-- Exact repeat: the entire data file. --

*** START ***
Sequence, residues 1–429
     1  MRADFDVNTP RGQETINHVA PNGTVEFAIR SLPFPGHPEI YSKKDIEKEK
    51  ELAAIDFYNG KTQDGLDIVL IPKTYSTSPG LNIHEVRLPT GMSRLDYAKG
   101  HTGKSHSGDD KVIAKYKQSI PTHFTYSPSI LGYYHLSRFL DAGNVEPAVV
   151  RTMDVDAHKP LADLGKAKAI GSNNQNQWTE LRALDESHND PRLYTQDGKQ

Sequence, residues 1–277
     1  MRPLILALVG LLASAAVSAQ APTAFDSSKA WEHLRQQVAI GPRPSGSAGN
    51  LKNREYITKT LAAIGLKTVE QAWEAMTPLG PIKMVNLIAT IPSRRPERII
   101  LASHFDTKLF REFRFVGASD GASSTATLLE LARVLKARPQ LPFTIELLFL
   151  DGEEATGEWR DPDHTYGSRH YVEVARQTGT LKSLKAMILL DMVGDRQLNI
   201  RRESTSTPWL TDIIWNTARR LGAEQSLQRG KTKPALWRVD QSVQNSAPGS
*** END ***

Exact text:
Sequence, residues 1–429
     1  MRADFDVNTP RGQETINHVA PNGTVEFAIR SLPFPGHPEI YSKKDIEKEK
    51  ELAAIDFYNG KTQDGLDIVL IPKTYSTSPG LNIHEVRLPT GMSRLDYAKG
   101  HTGKSHSGDD KVIAKYKQSI PTHFTYSPSI LGYYHLSRFL DAGNVEPAVV
   151  RTMDVDAHKP LADLGKAKAI GSNNQNQWTE LRALDESHND PRLYTQDGKQ

Sequence, residues 1–277
     1  MRPLILALVG LLASAAVSAQ APTAFDSSKA WEHLRQQVAI GPRPSGSAGN
    51  LKNREYITKT LAAIGLKTVE QAWEAMTPLG PIKMVNLIAT IPSRRPERII
   101  LASHFDTKLF REFRFVGASD GASSTATLLE LARVLKARPQ LPFTIELLFL
   151  DGEEATGEWR DPDHTYGSRH YVEVARQTGT LKSLKAMILL DMVGDRQLNI
   201  RRESTSTPWL TDIIWNTARR LGAEQSLQRG KTKPALWRVD QSVQNSAPGS